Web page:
Design before the desktop computer

April 7, 2015

My name is Richard and I'm the principal of PalbergWERX Creative Direction, a Vancouver based design agency. I started my career as a darkroom technician and production artist in 1988, just a few years before the desktop computer revolutionized the publishing industry and how graphic designers and the production staff took publications to print.


Since the early 1970's, the computer was heavily involved in publishing, but the process was very limited. Initially, typesetters would use large machines, like the Compugraphic (shown below), to set type in a few standardized font and size choices. Originally, these typesetting computers were headless and a major advancement was when the cathode ray tube was added to the keyboard so the typesetter could see what he or she was doing! The resulting text was produced on a photographic paper and then developed in a quick roller bath and dried. From there the paper was waxed and galleys were cut and pasted as required in the publication or advertisements (below bottom right). If large headlines or customization of fonts was required, we used Letraset to hand burnish the desired individual letters in place (below top right). It was a time and labor intensive process.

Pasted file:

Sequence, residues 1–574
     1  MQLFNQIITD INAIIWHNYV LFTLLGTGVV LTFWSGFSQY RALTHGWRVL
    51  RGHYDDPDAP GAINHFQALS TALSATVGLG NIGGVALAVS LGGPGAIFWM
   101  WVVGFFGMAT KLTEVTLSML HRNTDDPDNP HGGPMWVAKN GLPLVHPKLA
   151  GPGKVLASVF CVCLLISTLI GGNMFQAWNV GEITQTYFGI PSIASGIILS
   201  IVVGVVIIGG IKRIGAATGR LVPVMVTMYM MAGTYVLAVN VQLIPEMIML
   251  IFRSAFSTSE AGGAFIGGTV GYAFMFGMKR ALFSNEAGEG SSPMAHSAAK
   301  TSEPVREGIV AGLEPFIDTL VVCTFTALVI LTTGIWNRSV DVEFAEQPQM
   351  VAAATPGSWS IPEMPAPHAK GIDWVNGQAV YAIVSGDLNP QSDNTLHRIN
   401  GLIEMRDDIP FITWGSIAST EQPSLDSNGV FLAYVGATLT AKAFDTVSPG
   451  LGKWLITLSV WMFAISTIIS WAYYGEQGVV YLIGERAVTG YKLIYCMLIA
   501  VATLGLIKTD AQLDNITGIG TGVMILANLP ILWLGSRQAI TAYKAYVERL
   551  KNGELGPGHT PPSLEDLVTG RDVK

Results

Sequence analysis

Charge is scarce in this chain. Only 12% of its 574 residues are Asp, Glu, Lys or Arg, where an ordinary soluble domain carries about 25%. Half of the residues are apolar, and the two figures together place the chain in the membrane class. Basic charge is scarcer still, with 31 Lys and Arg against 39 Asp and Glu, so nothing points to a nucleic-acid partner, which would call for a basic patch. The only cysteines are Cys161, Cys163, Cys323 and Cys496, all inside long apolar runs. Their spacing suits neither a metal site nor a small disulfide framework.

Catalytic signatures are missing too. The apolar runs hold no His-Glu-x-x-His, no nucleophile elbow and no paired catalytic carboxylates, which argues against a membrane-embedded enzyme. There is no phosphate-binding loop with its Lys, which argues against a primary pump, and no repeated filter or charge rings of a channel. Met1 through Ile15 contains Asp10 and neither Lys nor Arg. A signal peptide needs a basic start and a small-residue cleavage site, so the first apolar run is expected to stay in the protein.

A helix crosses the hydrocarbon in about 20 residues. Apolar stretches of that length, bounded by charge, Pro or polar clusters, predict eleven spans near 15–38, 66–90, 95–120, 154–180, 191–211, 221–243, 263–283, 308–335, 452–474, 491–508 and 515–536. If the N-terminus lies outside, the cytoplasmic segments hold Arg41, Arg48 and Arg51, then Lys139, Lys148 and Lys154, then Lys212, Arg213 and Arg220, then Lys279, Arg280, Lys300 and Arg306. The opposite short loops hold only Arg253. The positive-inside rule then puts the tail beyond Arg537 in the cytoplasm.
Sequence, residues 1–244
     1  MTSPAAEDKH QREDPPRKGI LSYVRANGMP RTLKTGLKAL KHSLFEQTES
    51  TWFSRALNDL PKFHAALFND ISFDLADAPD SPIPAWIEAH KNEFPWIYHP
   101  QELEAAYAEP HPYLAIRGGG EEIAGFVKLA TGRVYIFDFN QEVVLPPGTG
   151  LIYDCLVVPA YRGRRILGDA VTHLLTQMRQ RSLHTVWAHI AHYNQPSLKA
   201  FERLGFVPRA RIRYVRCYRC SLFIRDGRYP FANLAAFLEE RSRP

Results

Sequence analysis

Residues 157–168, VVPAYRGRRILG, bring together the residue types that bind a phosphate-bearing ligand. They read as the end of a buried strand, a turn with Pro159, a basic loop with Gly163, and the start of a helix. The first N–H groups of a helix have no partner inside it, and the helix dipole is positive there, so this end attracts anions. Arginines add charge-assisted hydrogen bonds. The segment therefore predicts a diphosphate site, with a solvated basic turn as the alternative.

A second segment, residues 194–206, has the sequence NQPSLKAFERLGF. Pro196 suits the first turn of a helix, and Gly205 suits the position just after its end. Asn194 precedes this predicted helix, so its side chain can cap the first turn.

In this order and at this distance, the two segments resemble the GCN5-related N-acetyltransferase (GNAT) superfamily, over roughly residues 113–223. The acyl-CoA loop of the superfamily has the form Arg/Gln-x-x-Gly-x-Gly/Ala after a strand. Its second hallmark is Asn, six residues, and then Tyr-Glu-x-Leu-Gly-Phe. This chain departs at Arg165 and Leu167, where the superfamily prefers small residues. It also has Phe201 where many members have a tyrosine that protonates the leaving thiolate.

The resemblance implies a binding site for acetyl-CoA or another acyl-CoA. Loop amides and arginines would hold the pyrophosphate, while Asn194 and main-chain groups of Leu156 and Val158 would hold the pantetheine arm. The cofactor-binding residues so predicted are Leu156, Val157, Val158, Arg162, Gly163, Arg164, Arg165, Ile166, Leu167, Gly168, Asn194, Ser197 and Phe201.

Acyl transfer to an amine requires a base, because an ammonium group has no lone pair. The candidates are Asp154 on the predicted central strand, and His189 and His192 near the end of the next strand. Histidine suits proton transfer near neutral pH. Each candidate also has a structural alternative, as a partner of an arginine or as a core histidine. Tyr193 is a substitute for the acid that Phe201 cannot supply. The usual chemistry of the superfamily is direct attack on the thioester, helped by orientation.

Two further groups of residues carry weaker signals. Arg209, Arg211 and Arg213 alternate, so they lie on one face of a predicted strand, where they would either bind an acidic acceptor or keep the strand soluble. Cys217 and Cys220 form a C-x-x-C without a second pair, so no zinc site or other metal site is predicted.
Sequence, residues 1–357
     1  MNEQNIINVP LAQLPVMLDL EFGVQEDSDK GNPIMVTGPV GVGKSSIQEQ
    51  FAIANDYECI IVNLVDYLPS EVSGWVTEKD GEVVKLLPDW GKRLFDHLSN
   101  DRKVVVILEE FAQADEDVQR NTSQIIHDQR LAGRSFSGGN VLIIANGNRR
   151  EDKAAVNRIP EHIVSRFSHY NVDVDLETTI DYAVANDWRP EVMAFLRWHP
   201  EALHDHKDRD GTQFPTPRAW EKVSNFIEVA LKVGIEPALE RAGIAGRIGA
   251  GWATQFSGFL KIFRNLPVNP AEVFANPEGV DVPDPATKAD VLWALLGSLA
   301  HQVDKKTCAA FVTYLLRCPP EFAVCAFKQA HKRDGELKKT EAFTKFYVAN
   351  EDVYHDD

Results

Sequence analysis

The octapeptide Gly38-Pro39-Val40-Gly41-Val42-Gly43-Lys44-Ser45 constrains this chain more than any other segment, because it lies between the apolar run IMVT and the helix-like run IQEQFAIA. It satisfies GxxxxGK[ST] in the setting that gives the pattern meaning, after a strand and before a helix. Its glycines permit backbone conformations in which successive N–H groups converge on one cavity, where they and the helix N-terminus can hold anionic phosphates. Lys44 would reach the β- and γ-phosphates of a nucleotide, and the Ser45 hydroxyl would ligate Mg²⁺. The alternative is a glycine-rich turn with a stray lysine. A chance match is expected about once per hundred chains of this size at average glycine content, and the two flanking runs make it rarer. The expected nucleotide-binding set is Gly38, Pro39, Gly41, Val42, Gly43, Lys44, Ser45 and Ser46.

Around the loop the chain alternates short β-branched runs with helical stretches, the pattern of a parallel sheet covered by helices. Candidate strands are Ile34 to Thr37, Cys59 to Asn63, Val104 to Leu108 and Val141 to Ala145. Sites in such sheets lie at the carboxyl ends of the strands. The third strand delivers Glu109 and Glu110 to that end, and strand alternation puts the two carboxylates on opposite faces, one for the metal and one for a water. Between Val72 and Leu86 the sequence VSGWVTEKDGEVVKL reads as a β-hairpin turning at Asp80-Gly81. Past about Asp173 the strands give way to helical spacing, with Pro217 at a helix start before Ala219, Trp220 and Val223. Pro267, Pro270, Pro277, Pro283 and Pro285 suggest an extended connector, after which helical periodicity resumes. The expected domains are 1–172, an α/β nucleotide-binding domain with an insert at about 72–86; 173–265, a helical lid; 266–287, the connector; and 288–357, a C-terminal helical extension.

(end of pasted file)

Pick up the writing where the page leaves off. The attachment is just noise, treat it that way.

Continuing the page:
At the publication I initially worked for, advertisements were mostly a boiler plate affair, and the production/creative department used stock images purchased from various services over sized art graphic books such as Metro to spruce up the ads.


In 1990 I moved to another publishing house that was a direct competitor to my first employer and they strived to meet the needs of their advertising clients rather than try to dictate terms.


As such, they put a higher value on creatives - it really was a great place to work!


On the right is a hand-drawn mock up for a in-house sales promotional piece. I've even indicated customization of the fonts, reverse Helvetica Condensed, and a custom curved layout of the call to action text at the bottom of the ad.



Below are two illustrated cover options for specialty publications, the Remembrance Day editon and the Delta May Days edition respectively. The painting on the left was scanned as is and displayed behind the masthead and editorial headline and text of the edition and the image on the right was used as a guide to photography and layout of the community edition of the event.




If you would like help with your next design project,

call PalbergWERX Creative Direction

at 604-356-1144 or email me at


I can help you craft images that connect with your

ideal target market and increase your investment!


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